Do not use elevated food bowls.
Avoid exercise right before and after mealtimes.
How Much Should You Feed a Leonberger?
Every dog is different, so the number of calories they need to keep weight and health stable also varies from dog to dog. Discuss the best dog food brands and how much to feed your Leonberger with your veterinarian.
Many giant-breed dog food diets contain vitamins and nutrients that support joint health, as Leonbergers are prone to degenerative joint disease as they age. These commercially formulated diets also have heart-healthy ingredients such as taurine and L-carnitine, which can help lessen the risk for heart disease.
Nutritional Tips for Leonbergers
Joint supplements such as glucosamine and chondroitin can be helpful for Leonbergers. These should be started as soon as your dog reaches their full adult size. Talk with your vet before giving these supplements (or any others) to your pet.
Behavior and Training Tips for Leonbergers
Leonberger Personality and Temperament
Leonbergers are loving and playful with those they trust. They’re great with children, amenable to other dogs, and welcoming to strangers when well-socialized.
They are generally calm and quiet, but they require brisk exercise at least once every day, such as a long walk or hike. Leonberger dogs prefer to have a job, whether it be pulling sleds, swimming, or agility training.
Leonbergers are usually calm and do not bark or dig much. While laid-back, they require a lot of interaction with people and don’t do well when left alone for long periods of time. They would prefer around-the-clock love and attention, if possible, and need to be in a house of homebodies.
Though bred to be independent, Leonbergers are also highly trainable with experienced pet parents or professional trainers who are familiar with the breed. They respond well to training that’s consistent, repetitive, and positive.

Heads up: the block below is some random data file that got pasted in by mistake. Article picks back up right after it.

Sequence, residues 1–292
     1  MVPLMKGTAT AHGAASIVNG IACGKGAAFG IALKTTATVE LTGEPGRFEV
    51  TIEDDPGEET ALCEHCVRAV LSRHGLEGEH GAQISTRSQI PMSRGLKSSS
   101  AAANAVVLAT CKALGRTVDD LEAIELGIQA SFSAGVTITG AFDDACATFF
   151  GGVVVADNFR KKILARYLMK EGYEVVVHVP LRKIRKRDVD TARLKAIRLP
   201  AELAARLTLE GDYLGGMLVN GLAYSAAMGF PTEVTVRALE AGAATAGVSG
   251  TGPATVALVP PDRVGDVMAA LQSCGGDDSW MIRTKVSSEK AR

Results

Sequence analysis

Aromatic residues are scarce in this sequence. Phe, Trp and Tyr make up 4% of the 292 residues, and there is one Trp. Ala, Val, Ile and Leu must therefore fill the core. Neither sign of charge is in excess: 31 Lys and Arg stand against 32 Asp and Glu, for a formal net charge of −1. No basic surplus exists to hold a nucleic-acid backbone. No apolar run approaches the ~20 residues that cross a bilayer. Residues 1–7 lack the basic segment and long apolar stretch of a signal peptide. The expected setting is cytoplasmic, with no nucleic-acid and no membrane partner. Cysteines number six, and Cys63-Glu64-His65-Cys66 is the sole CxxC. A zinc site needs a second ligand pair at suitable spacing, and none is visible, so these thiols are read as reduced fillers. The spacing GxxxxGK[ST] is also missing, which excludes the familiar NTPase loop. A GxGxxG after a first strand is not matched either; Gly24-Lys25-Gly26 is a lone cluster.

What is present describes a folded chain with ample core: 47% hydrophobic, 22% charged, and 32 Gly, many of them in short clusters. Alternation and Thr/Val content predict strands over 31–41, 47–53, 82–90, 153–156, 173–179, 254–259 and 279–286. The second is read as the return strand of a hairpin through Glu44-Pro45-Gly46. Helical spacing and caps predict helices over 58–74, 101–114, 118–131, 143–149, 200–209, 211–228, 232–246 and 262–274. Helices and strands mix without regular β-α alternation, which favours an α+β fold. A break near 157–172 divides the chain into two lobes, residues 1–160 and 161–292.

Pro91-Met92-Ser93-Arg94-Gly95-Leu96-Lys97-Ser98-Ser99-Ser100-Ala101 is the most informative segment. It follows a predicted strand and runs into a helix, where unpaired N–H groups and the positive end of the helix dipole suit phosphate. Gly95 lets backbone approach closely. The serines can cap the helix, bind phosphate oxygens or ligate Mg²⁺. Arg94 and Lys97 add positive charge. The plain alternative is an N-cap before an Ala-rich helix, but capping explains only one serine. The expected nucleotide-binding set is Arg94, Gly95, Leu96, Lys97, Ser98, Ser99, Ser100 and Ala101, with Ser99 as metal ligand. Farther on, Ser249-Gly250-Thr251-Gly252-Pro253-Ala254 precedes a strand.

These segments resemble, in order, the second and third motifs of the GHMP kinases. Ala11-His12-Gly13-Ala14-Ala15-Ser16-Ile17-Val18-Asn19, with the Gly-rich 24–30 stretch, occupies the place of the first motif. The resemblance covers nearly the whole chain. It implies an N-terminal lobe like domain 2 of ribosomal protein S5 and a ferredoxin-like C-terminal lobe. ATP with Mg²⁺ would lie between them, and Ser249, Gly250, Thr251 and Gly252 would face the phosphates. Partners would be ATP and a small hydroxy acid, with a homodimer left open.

Fun Activities for Leonbergers
Cart-pulling or sled-pulling
Leonberger Grooming Guide
Leonbergers require a lot of grooming due to their dense double coat. They shed persistently throughout the year, with even heavier shedding periods twice a year. Leonberger dogs should be with a family that is committed to grooming them thoroughly and frequently.
Leonbergers need regular bathing and brushing. Typically, they should be bathed every two to four weeks.
Leonbergers can have allergies, which lead to a flaky, dry coat. Consider supplementing with omega-3 fatty acids if your pup has skin allergies or is older in age.
Leonbergers should be brushed every day—without this rigorous grooming, they are prone to matted fur, especially behind the ears, on the back of the legs, throughout their undercarriage, and on their chest.
Luckily, Leonbergers do not require a great deal of eye care. The hair on their face is shorter and usually doesn’t affect their eyes. Tear staining is minimal, if there at all. But because Leonbergers are prone to cataracts as they age, pet parents need to monitor their dog for any progressive sight issues and/or cloudy eyes.
Routine ear cleaning is important for this breed because of their propensity for allergies and their floppy ears. Ear cleaning with a veterinarian-approved product that contains a drying agent should be used (such as Epi-Otic or TrizULTRA) every two to three weeks.
Monitor for redness, discharge, pain, and itching, as these could be signs of an ear infection. If you notice any of these symptoms, make an appointment with your vet.
Considerations for Pet Parents
The perfect home for a Leonberger is one with a loving, attentive family that is willing to exercise and groom their dog daily. Leonberger dogs do well in homes with or without kids and other pets, but the breed is not cut out for city life. This large breed needs a big yard with a strong fence that they can run around and play in.
Leonbergers also don’t do well in homes where they are often left on their own. They are affectionate and loyal dogs that love their family and want to be around them as much as possible.
How much does a Leonberger cost?
The typical Leonberger price is anywhere from $2,000–$4,000 in the U.S. Cost varies depending on the breeder, breeding lines, and genetic testing for puppies.
Are Leonbergers good family dogs?
Leonbergers are great family dogs. They love affection and quality time with their pet parents, and they’re also generally good with children and other pets.
Is a Leonberger a rare breed?
The Leonberger is a relatively rare breed—in fact, they almost became extinct in the 20th century.
American Kennel Club. Leonberger History: The "Secret Mascot" of Leonberg.
Featured Image: iStock/Bigandt_Photography